Three-pulley system and coefficients of friction

1. Sep 16, 2015

andyfeynman

1. The problem statement, all variables and given/known data
In the machine shown in the attached picture, all pulleys have negligible mass and rotational inertia. The coefficient of static friction μs between the table and either mass is larger than the coefficient of kinetic friction μk. The two masses 3m and m originally were held stationary and then released. After release, find the tension of the string in terms of μk, m and acceleration due to gravity g for the following two cases:
(a) μs = 1.1
(b) μs = 0.3

2. Relevant equations
Fmax = μsN

3. The attempt at a solution
First, I set up a coordinate system with m at (xm, 0), 3m at (x3m, 0) and the middle pulley at (0, y). (Note: downward positive)
I also took the length of the string xm - x3m + 2y = constant as a constraint.

Okay, my approach to this problem goes like this:
I consider two possible motion:
(1) only m accelerates but 3m moves at uniform velocity,
(2) both m and 3m accelerate.

For case (1), I assume that for this to happen the tension must lie between μsmg and 3μsmg. After solving a bunch of linear equations, I find T = 0.5(μk + 2)mg. I found that for μs = 1.1, the corresponding value of μk must be between 0.2 and 1.1; for μs = 0.3, the value of μk would be negative. Therefore, I conclude that (1) is the only possible case for μs = 1.1.

Similarly, for case (2) the tension must be larger than 3μsmg. I find T = 6/7(μk + 1)mg, and for μs = 0.3, the value of μk should be greater 0.05; for μs = 1.1, this value would be greater than 2.85, which is impossible (since the question states that μs > μk). Therefore, I conclude that (2) is the case for μs = 0.3.

The problem is that my approach looks terribly cumbersome, and I'm not even sure whether it is right. (Are there really only two possible cases which depend on the value of μs?)

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2. Sep 16, 2015

andyfeynman

Wow! I just notice how similar this problem is to Kleppner & Kolenkow 2.15.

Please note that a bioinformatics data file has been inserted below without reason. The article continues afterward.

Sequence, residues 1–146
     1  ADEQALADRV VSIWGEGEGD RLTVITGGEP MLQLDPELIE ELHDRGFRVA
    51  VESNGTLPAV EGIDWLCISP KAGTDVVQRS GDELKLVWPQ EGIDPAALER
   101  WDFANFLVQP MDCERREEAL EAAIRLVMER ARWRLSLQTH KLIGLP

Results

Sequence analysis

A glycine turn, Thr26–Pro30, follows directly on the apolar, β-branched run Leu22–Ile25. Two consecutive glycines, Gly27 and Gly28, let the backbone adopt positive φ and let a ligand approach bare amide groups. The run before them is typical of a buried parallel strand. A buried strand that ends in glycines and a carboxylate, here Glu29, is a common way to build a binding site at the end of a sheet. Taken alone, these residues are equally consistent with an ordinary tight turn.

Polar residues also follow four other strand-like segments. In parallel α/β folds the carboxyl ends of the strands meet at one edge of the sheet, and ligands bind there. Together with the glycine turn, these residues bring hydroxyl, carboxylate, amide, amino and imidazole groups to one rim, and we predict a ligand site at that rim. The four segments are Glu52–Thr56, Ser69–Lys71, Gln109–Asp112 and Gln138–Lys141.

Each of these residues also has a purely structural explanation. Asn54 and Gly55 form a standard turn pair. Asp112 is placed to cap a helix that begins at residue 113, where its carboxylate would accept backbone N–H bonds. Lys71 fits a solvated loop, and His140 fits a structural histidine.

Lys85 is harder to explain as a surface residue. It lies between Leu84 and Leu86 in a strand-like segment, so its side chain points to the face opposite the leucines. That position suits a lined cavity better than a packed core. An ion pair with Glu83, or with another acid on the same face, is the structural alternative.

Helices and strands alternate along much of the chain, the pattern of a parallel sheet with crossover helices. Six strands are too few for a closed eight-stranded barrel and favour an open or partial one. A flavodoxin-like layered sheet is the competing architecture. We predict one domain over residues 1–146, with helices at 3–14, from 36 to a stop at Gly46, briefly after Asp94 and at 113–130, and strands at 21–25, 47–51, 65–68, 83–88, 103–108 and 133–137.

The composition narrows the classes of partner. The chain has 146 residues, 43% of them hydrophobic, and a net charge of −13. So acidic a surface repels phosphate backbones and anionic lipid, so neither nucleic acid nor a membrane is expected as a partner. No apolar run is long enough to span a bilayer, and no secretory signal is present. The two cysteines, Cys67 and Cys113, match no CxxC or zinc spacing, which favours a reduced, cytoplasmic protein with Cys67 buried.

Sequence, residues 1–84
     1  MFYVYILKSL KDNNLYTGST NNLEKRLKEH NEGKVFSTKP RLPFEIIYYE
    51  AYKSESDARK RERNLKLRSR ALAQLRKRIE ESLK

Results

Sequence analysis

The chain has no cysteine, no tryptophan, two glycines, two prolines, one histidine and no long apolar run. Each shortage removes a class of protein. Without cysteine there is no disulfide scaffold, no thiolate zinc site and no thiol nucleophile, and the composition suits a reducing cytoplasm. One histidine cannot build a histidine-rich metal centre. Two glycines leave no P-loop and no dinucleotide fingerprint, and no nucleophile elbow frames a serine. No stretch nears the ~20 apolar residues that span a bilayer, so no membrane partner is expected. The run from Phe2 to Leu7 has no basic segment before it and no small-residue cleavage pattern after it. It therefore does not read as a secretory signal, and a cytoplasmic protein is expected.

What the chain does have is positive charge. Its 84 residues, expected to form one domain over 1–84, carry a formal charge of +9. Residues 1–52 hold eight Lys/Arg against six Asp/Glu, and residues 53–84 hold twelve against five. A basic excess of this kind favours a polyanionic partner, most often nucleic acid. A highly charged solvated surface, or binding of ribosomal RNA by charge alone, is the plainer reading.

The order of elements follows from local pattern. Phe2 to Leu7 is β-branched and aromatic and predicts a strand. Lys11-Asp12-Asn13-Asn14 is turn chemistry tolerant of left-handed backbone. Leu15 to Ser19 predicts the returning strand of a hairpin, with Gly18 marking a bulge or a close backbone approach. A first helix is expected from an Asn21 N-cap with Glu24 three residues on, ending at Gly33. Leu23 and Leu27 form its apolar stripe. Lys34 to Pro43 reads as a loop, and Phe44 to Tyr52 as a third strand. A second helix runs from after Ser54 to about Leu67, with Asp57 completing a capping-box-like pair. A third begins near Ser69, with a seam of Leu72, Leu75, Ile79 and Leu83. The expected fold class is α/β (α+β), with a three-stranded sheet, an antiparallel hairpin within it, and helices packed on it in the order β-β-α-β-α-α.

At least now I can be sure T is indeed 6/7(μk + 1)mg for case (2).

3. Sep 16, 2015

haruspex

For (1), why do you think 3m moves at all? Since kinetic friction is less than or equal to static friction, if one of the masses slides at all it will then accelerate.
I was not able to follow your reasoning, but I agree with the answer. Maybe it would be clearer if I saw all your working.
To answer your question, I would start by treating the general case: allow for each of the two side masses to have an acceleration (possibly 0), and assign a friction coefficient to the 3 mass of $\mu_3$, which may later be either static or kinetic. Having established the generic equations and some inequalities, you can get into individual cases as necessary.

4. Sep 16, 2015

andyfeynman

This is what I thought:
If the tension is larger than the maximum static friction of m but not of 3m, then only m would accelerate but 3m would stay unaccelerated.

Last edited: Sep 16, 2015
5. Sep 16, 2015

haruspex

Yes, I agree with that, but i did not understand why you wrote
If it moves at all then it will be subject to kinetic friction, not static, and it will accelerate. It cannot move at a nonzero uniform velocity.

6. Sep 16, 2015

andyfeynman

Yes, I forgot that anything moving should be subject to kinetic friction, not static.
So it should be m accelerates while 3m stays at rest?

7. Sep 16, 2015

haruspex

Yes.

8. Sep 16, 2015

andyfeynman

Thank you so much